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InformNYC is on a mission to revitalize NYC by bringing transparency to voters and representation to those wishing to have their voices heard at City Hall.

Our organization was founded in January 2021 and has grown to include (as of 03.05.21) twelve exceptional community organizations, who represent the concerns of more than 70,000 New Yorkers. We are working to ensure true representation is brought back to our great city.

InformNYC is focused on electing responsible candidates who have a viable plan to address the homelessness crisis and serious mental illness, crime and safety, small business decline, education, and the fiscal outlook for our city. The current DeBlasio administration has squandered billions of dollars trying to address these issues, only to fail in all of these areas.

The homeless crisis has grown from 50,000 people on the streets to almost 80,000 while private organizations, providers, and hoteliers have profited. Citywide spending on homelessness more than doubled between 2014 and 2019 to $3.2 billion as did shelter costs over that same period, reaching $1.9 billion in 2019.  There have been documented cases of private companies taking large private contracts to offer housing and services to the homeless and mentally ill, only to find those services not being offered at all. The homeless should not be seen as dollar signs, waiting to be cashed in on, but there needs to be a plan to put New Yorkers tax dollars to good use helping those less fortunate.

This is one example of how the current extreme progressive agenda has failed to meet the very population they claim to serve. As InformNYC is able to reach more NYC residents, we often hear that those people the progressive activists claim to be helping, receive little to no help at all.  Our organization will strive to represent the voices of those concerned about the vulnerable populations being denied the help they need.

Safety should be the right of every New Yorker.  Catch phrases like, “Defund the Police,” are divisive and do nothing to bring justice or stability to a difficult situation. Instead of pitting people against each other, bringing together leaders from different communities to speak on their experiences should be the way forward. Unfortunately the current administration claims to speak for people who are not only frustrated by their misrepresentation, as articulated by many Black City Council members, but seek to offer real solutions instead of slogans.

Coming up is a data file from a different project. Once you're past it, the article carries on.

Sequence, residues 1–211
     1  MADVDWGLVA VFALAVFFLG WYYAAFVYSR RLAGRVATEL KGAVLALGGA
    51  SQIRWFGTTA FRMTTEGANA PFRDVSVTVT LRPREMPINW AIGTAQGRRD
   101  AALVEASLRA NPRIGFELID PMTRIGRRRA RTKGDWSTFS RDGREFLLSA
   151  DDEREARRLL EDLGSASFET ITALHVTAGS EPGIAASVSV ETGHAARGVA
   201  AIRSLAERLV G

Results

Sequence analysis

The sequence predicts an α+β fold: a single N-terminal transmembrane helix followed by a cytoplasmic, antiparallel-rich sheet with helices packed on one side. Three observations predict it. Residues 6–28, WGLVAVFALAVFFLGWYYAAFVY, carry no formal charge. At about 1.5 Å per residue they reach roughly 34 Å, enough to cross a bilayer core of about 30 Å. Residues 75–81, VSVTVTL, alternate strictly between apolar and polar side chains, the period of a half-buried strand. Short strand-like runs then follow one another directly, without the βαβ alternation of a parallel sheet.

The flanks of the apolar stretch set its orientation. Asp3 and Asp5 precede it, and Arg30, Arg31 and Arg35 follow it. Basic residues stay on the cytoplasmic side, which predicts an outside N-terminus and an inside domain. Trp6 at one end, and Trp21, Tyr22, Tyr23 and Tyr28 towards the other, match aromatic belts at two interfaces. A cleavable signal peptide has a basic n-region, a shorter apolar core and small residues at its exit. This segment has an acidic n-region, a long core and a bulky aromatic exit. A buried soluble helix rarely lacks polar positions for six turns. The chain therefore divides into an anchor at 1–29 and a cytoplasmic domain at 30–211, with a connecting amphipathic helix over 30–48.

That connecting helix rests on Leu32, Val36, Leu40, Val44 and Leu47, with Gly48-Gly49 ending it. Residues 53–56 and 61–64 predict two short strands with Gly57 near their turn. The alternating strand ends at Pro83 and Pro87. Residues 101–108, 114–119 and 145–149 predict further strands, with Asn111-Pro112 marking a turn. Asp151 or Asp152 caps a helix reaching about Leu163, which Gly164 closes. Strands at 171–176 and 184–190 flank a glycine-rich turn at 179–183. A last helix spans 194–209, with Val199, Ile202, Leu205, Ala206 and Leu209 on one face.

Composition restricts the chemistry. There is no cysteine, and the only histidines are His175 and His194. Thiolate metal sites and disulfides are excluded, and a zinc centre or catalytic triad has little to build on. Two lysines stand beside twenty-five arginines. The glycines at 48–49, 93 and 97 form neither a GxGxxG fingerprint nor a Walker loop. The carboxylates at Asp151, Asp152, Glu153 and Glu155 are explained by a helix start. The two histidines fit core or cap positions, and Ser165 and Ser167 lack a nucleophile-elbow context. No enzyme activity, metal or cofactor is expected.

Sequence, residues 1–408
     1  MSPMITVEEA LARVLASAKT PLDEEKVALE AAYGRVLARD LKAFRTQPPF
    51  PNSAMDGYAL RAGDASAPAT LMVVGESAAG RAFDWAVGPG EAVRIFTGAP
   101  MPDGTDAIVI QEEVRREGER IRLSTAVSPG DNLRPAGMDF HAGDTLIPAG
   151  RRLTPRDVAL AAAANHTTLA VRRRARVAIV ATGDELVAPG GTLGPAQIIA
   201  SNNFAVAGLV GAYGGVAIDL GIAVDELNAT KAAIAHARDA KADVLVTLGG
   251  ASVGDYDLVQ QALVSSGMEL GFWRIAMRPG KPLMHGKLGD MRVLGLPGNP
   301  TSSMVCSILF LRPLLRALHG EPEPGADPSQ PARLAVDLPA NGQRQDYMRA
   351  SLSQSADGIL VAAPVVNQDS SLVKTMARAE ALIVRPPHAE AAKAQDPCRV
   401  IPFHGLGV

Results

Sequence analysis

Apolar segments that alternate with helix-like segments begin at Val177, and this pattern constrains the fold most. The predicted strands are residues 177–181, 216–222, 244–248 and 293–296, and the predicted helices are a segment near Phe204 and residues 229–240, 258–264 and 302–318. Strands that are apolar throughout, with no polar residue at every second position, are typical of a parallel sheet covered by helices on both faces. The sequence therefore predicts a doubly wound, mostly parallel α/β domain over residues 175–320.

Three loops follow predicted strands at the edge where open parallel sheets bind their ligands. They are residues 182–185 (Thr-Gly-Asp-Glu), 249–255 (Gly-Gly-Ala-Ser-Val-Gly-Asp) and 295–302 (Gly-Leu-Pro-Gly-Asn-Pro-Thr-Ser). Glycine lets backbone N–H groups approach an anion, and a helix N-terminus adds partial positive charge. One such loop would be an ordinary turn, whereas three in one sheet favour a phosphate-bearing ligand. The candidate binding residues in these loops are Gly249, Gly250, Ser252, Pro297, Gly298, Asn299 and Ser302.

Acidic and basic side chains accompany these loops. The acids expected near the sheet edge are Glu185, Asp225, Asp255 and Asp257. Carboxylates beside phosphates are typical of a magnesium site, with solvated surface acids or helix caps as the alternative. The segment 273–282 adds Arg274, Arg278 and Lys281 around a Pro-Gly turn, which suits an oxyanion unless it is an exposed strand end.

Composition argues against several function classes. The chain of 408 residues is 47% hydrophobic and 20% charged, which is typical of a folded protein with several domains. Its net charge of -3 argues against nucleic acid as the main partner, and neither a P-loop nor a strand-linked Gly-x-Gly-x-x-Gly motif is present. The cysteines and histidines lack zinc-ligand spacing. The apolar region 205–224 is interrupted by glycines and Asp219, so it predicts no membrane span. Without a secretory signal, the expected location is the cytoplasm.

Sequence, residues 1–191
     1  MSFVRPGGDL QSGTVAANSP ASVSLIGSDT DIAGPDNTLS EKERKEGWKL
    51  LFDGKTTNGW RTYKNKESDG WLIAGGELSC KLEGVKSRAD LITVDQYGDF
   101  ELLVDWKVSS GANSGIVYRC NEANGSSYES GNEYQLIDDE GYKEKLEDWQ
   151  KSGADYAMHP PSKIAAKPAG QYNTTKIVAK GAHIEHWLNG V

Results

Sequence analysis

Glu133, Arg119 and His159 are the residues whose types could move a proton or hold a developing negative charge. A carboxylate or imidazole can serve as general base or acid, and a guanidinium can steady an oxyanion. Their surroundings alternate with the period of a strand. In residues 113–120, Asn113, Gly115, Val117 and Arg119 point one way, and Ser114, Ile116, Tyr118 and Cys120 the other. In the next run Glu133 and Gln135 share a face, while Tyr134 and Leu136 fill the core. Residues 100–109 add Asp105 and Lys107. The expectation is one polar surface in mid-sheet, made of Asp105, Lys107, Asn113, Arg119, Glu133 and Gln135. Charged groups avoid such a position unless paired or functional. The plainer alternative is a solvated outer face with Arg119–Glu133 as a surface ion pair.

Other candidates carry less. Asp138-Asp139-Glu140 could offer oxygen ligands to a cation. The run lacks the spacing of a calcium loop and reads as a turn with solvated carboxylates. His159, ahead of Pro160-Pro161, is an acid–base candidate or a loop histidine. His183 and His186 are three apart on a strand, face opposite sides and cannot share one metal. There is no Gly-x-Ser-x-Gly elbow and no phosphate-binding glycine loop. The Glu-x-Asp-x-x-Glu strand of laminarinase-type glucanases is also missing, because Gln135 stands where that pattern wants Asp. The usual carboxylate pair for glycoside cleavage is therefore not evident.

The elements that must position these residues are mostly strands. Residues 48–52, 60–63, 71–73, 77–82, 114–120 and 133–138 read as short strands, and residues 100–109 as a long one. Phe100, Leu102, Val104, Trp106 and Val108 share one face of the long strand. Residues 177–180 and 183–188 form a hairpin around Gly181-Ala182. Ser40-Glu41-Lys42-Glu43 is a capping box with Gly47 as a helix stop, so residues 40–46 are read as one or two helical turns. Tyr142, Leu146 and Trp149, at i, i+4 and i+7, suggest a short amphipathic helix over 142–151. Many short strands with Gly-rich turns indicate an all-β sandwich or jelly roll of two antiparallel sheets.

Our children’s education has also suffered greatly at the hands of local leadership. Thousands of families have fled the city in the past few years due to the decline in the NYC school system in terms of both education and safety. Politicians continue to work at chipping away at the few programs that provide opportunity for all children in the city, such as the accelerated learning and gifted programs. It’s time for politicians to get smart about what families want and deserve in order to keep them in the city.

The backbone of NYC streets has always been the small businesses that line the streets of our neighborhoods.  Many organizations and individuals are on standby to find out how they can help businesses survive in their neighborhoods. City Council members and the DeBlasio administration have sat back and watched this happen to our streets. They do not care. We must find and elect representatives willing to fight for our small businesses, otherwise there will be nothing left to save.

Democrats make up 70% of the NYC voting base, and so it is in our best interest to find moderate Democrats who are willing to speak for the majority of the population, not the extreme views on either side. We see few Republicans and Independents enter the race, and they do not get the benefit of Primaries. InformNYC will help to build transparency around where each of these candidates stand on the issues you care about, so that you can cast your vote with confidence in the next election.

We look forward to keeping you updated on our important mission. To stay informed on where candidates stand on the issues, sign up for a weekly update.